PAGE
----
One of these “sniffer-dog” processes began in 1997 when, on the pretext of extensive revision of electoral rolls, the Election Commission, without any due process, marked 3.70 lakh voters as doubtful, or “D-voters”. This stripped them of voting rights, and their cases were referred to the Foreigners’ Tribunal. Election officials continue to identify persons they regard to be “doubtful”. The Assam Police Border Organisation deputes police officials in many police stations who also identify people they regard to be possibly non-citizens, and refer their cases to Foreigners’ Tribunals.
People who don’t speak Assamese, and are not from indigenous tribes, are in this way beleaguered from all sides. They do not know when challenges to their citizenship may come, from the NRC executives, election officials or the local policeperson. In 2006, the Police Border Organisation referred Ajbahar Ali, a small farmer in Kheluwapara village in Bongaigaon district of western Assam, to the Foreigners’ Tribunal. When he answered the summons from the tribunal he learnt that the tribunal in an ex-parte judgement had already declared him a foreigner. He was whisked away from the tribunal directly to a detention centre inside a jail. His wife Balijan Bibi sold their farmland, cattle and the only cell-phone they owned to pay a lawyer to challenge the order to get her husband released from detention. Their older son, Moinul Haque, travelled to the Guwahati High Court to hear the judgment, while his mother waited anxiously at home for his news. He returned the next morning only to inform his mother that the court has rejected their plea. Balijan Bibi didn’t speak much, just asked her son to take rest. After a while, he found her hanging from the ceiling.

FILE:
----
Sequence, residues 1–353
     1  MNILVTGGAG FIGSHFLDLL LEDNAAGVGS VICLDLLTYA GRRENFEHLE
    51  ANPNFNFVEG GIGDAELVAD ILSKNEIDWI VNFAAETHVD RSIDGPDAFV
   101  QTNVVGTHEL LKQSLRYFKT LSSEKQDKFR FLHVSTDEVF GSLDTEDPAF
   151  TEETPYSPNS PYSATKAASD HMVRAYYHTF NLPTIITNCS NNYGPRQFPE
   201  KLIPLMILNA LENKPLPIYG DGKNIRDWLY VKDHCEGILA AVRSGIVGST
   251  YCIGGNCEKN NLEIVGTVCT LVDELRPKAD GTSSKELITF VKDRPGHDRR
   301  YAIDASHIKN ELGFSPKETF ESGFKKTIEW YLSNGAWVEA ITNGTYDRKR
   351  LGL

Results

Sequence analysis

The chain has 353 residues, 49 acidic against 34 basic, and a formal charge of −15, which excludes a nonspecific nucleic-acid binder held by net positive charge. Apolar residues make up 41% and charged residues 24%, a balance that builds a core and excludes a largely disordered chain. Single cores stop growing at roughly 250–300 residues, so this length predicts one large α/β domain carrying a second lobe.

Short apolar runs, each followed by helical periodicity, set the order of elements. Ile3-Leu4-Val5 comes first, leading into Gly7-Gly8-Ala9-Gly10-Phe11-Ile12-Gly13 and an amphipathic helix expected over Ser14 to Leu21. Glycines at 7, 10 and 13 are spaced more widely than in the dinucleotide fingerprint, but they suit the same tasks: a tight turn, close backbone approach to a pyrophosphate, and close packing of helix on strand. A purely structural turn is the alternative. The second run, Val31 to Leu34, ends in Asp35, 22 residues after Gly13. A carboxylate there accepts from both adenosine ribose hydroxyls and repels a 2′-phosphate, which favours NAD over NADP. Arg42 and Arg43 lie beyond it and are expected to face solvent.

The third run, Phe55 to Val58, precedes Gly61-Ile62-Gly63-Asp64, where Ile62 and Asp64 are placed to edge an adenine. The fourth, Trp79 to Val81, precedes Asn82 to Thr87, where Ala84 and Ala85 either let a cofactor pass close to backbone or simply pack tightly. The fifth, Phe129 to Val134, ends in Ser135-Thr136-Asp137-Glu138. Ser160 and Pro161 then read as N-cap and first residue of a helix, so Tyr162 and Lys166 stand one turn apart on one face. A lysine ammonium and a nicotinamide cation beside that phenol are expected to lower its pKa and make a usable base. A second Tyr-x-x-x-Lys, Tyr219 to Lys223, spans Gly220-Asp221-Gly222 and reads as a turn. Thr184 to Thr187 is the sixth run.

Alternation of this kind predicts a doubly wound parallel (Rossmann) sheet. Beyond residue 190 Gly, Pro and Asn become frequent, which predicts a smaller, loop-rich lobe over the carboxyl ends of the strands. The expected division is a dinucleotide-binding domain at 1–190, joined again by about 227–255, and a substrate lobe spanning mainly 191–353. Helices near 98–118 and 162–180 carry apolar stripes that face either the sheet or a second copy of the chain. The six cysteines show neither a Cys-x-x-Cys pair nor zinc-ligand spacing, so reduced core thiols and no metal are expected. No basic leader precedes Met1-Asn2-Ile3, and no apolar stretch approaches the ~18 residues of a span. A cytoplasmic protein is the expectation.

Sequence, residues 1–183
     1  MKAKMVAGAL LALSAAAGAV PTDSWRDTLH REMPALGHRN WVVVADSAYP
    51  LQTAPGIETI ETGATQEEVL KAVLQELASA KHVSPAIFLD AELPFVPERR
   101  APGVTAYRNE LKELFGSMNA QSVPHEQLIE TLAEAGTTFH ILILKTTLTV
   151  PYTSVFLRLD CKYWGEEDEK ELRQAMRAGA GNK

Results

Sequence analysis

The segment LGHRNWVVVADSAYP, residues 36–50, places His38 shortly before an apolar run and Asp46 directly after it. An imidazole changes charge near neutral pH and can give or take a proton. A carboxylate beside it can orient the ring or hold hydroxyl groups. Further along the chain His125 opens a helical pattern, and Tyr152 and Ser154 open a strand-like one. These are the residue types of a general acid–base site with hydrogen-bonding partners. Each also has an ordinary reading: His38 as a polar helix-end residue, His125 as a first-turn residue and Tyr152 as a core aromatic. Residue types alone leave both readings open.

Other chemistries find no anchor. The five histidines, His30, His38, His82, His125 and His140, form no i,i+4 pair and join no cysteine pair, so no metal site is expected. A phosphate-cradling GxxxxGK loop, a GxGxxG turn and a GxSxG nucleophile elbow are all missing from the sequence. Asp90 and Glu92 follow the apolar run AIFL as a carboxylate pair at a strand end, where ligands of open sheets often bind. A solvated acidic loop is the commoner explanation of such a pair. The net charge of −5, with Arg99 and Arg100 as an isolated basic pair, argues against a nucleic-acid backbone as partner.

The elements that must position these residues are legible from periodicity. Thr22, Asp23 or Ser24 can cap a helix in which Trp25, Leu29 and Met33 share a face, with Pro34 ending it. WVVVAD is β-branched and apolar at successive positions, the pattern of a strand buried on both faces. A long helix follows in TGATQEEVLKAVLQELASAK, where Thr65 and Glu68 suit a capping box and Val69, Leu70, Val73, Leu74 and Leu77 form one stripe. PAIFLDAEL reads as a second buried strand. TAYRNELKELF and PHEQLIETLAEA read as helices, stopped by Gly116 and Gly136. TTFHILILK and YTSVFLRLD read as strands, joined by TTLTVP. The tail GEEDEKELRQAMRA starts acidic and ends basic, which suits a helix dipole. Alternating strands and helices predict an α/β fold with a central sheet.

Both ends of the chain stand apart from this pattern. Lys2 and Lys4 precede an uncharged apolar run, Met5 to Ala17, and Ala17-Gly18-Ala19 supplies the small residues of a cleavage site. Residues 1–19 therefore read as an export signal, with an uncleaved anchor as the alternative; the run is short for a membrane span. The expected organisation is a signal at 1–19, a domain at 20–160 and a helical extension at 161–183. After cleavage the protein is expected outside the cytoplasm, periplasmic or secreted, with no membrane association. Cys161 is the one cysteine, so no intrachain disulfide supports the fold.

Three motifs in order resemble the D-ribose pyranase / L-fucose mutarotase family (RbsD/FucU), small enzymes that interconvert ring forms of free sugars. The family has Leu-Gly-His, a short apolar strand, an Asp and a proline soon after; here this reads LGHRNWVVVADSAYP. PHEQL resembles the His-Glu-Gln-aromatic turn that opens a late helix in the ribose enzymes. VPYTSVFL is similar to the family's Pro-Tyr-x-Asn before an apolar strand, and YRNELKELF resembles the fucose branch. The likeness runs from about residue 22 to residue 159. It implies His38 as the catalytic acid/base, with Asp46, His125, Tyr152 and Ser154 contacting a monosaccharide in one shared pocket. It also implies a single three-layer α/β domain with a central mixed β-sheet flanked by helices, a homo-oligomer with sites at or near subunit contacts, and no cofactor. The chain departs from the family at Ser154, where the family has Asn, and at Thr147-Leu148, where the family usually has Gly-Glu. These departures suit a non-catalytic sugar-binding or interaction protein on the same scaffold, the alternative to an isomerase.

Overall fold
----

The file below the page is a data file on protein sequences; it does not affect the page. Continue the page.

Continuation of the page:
Months later, our Karwan e Mohabbat team visited their family. The children’s father was in a detention centre with no prospect of his release, their mother was dead, and their land and all they owned sold. There are at least 28 suicides of people who had lost hope of proving that they were citizens of this country, and found no reason to live.
This is the collective tragedy of millions of religious, linguistic and ethnic minorities in Assam. No light is visible even in distant horizons, because the Union and state governments are silent about what the fate will be of those who in the end are declared to be foreigners? Over a thousand are housed indefinitely in hellish detention centres, in flagrant violation of constitutional guarantees and international law. But if the numbers tomorrow run into possibly millions, where will they be detained?
The Indian government is not even negotiating an extradition treaty for the return of these persons with the Bangladesh government. If they are to continue to live in India as non-citizens, are we not manufacturing a Rohingya-like situation, forcing people to live without rights or security in the country which refuses to own them?
At stake, however, is not just their destinies. On test is the mettle of India’s democracy, its sense of justice, its inclusiveness and its humanity.